“Birmelin’s paintings are brilliant in the way they confront us with a variety of urban spaces and surfaces, including human surfaces. His is a tough-minded realism – these are not a tourist’s pictures. They flatter no one, and are full of psychological as well as material detail.”
|Reversible Vectors, Robert Birmelin|
|Fire on 7th Avenue, Robert Birmelin|
Eric Fischl often weaves subtle social commentary into his work, as in this large diptych painting that contrasts a hedonistic scene on the left with a tragedy in the third world as if to confront the viewer with a moral question.
Virginia painter Phillip Geiger constructs complex domestic interiors with multiple figures by focusing on the discoveries and visual surprises that are to be found by careful observation of light and space. Geiger's figures are absorbed in their activities but, unlike Fischl's painting above, leave the narrative open to interpretation.
Washington, DC, painter and printmaker Lee Newman creates compelling, small-scale images out of familiar situations, such as this drypoint engraving of an "eater" in a fast food restaurant. Newman draws on-site but just as often takes his metal plates and executes his engravings on the spot. Here his location was a local Roy Rogers restaurant where he worked directly from the mirrored reflections of diners in the plate glass windows. Behind her super-sized Coke, with a French fry poised in her upraised hand, Newman's figure incisively captures a small piece of life being lived.
|Lee Newman, drypoint engraving|
Carlton Fletcher, another DC painter/printmaker, turns his eye often to contemporary situations involving single or multiple figures. The monotype below, a dancer in a seedy bar near the studio the artist once occupied near the Smithsonian's Portrait Gallery, has some of the voyeuristic qualities of Degas in the unselfconscious absorption of the dancer in a private moment. Another all-too familiar scene of contemporary life plays out in the painting that follows. Fletcher confronts the troubling realities of street gang violence in Washington, DC, endowing the tragedy with the gravitas of history painting.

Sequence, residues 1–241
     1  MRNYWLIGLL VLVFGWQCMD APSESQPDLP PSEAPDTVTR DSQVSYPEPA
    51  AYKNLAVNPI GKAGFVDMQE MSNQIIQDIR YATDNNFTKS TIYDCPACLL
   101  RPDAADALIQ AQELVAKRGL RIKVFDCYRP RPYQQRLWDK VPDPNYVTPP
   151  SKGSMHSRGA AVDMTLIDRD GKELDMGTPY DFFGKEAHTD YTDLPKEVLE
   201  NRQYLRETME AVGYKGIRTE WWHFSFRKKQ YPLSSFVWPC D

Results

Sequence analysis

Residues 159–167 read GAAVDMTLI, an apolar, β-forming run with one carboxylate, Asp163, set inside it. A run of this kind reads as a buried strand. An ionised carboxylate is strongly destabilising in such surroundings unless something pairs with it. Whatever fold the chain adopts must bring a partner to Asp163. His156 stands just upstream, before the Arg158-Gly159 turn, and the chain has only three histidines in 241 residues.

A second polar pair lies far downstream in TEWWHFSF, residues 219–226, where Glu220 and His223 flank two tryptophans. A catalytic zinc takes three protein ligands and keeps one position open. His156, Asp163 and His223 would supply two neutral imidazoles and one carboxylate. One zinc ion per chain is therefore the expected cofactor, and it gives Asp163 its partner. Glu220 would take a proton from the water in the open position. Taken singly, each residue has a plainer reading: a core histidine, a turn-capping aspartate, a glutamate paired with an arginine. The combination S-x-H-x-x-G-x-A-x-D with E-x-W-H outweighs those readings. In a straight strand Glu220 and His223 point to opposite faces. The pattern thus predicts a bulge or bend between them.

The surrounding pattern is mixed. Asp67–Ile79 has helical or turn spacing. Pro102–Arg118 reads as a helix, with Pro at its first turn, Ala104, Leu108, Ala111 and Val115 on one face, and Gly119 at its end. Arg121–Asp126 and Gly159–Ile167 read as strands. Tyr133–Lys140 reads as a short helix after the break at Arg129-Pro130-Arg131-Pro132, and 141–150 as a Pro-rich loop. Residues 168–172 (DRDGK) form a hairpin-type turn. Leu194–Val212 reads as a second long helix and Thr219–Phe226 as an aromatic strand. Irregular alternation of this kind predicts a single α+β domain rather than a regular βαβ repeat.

|Carlton Fletcher, monotype|
David Holt of Toronto, like Lee Newman, makes forays into genre that are fused with abstract concerns for the geometries of composition, the relationship between the figure and its space, and the process of mark-making and gesture.
|David Holt, drypoint|
|Flea Market, David Holt, drypoint|
Sangram Majumdar states that his paintings and drawings "are rooted at the intersection of perception and invention, light and form, and the elusive nature of reality." His almost life-size charcoal drawings are dense with figures moving through spaces that suggest urban transit systems such as subways or train stations. Majumdar realizes his compositions by an astute reading of the spatial relationships between figures and space, and also the tonal hierarchy of the whole. Figures merge and emerge from the charcoal ground, delicately balanced between solidity and dissolution, alluding to the movement of time through the movement of figures.
Revisiting the traditions of genre is but one of many compelling veins of figural art that artists are mining today. What unites the diverse practices of artists working with the form today is an interest in the expressive potential of the human figure as both form and content. Though genre is often tainted with a whiff of the Academy, the best contemporary artists working with genre do so with an intelligent awareness of art history and attention to the formal language of art and composition.
Contemporary artists' websites: